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General Snus Earns FDA's First Modified-Risk Designation

Agency approval means product can be marketed as a less harmful alternative to cigarettes
Photograph courtesy of Swedish Match

RICHMOND, Va. — For the first time, the U.S. Food & Drug Administration (FDA) has approved a modified-risk designation for a tobacco product.

The FDA on Oct. 22 authorized Swedish Match U.S. Division's amended modified-risk tobacco product applications (MRTPAs) for eight varieties of General Snus, making it the first tobacco product with the right to be marketed as a less harmful alternative to cigarettes.

"Today's decision is a huge accomplishment for public health in the U.S. and another step toward realizing our vision of a world without cigarettes," said Gerry Roerty, vice president and general counsel for Swedish Match's U.S. Division. "There are nearly 35 million adult smokers in the U.S., all of which have been led to believe the only way to reduce tobacco risk is complete abstinence. We now have the opportunity and responsibility to inform cigarette users who cannot abstain that General Snus can be a risk-reducing alternative. If that's enough to make even a percentage of them switch, we've made progress."

The modified-risk status classifies General Snus as a tobacco product that is sold or distributed for use to reduce harm or the risk of tobacco-related disease associated with commercially marketed tobacco products. The FDA also cleared Swedish Match's claim that using General Snus instead of cigarettes puts users at a lower risk of mouth cancer, heart disease, lung cancer, stroke, emphysema and chronic bronchitis.

The authorized claim allows Richmond, Va.-based Swedish Match to begin working to reduce misperceptions related to the risk of General Snus. According to the National Young Adult Health Survey, only 10% of respondents believed snus was less risky than cigarettes.

General Snus has already been tied to progressing the reduction of cigarette use in other countries, according to the company. In Sweden, widespread use of snus in place of cigarettes is believed to have helped the country achieve the lowest lung and oral cancer rates in men in Europe. In Norway, snus use rates among young women increased to 13% since its legalization in 2002. Smoking rates among young women dropped from 30% in 2001 to 1% in almost the same time span.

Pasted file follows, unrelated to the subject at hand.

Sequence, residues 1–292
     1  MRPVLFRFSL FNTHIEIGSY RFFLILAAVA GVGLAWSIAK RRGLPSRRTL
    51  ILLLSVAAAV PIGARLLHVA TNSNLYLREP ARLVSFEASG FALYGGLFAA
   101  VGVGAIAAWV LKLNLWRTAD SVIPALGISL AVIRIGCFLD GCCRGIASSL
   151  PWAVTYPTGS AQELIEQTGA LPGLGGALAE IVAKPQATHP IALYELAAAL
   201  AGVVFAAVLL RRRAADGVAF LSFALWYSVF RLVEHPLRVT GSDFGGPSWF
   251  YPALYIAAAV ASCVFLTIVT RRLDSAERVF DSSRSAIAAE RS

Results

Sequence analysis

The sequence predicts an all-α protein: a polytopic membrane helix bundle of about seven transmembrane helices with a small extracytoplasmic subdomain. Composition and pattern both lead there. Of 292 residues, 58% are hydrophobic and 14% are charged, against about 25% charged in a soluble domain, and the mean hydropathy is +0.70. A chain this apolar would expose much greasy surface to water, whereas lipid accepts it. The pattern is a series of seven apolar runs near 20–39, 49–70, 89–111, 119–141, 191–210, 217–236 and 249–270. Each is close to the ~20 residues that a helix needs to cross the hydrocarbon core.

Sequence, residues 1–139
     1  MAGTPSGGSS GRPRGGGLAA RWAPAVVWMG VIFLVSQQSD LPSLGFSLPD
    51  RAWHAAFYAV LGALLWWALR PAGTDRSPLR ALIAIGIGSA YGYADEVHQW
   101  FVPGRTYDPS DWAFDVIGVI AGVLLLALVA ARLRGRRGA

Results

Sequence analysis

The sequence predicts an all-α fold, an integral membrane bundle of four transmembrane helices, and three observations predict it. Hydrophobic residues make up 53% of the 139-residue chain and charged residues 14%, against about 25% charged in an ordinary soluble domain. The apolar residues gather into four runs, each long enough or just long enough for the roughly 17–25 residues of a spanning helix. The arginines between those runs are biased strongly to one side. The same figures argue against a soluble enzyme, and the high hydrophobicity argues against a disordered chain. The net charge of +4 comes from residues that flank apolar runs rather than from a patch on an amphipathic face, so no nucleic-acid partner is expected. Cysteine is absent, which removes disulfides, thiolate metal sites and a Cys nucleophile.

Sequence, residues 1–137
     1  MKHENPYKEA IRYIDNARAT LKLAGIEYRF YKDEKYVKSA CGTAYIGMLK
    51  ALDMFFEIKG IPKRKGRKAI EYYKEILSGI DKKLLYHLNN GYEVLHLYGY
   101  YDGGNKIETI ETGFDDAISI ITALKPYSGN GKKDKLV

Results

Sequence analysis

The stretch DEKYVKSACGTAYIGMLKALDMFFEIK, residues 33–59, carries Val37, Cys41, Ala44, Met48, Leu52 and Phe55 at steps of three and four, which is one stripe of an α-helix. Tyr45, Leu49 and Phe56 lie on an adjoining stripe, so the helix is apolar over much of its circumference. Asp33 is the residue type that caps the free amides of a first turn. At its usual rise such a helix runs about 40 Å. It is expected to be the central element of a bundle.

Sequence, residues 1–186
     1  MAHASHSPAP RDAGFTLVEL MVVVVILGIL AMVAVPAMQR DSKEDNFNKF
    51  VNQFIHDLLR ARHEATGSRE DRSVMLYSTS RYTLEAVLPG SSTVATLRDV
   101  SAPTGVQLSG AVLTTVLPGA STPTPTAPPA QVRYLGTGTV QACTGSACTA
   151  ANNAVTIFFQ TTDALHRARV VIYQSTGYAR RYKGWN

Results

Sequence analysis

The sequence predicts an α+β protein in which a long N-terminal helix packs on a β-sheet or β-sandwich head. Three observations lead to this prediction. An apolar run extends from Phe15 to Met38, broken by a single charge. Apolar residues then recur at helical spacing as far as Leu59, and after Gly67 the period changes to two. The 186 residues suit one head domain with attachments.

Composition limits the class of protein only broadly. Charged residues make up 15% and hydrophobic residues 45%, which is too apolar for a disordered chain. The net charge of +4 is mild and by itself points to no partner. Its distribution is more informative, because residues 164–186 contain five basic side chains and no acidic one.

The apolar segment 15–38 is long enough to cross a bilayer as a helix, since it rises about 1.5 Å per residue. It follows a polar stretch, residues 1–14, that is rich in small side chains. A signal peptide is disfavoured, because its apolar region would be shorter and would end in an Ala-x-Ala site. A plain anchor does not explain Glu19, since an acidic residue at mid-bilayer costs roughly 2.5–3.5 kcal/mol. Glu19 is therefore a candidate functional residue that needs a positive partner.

"Few products have a proven track record like General Snus," Roerty said. "And while we're hopeful it will benefit the U.S. population just as it's benefited Norway and Sweden, we want to be clear that General Snus reduces risk for individuals who use tobacco products. No tobacco product, including General Snus, is completely harmless, which is why youth and nontobacco users should not use it in the first place. Our goal is to help adult smokers by educating them, not attract new users."

Swedish Match sold its cigarette business in 1999, choosing instead to focus on alternative products believed to be less harmful. Fifteen years later, it is now the first company to successfully submit MRTPAs.

Swedish Match was also the first to receive FDA approval for its premarket tobacco application (PMTA) for General Snus in November 2015. The FDA ruled enough evidence demonstrated that the product was appropriate for the protection of public health.

General Snus, which originated in Sweden 153 years ago, is a smokeless, spitless tobacco product placed in the upper lip. It contains four ingredients: tobacco, water, table salt and flavorings, such as mint or bergamot oil.

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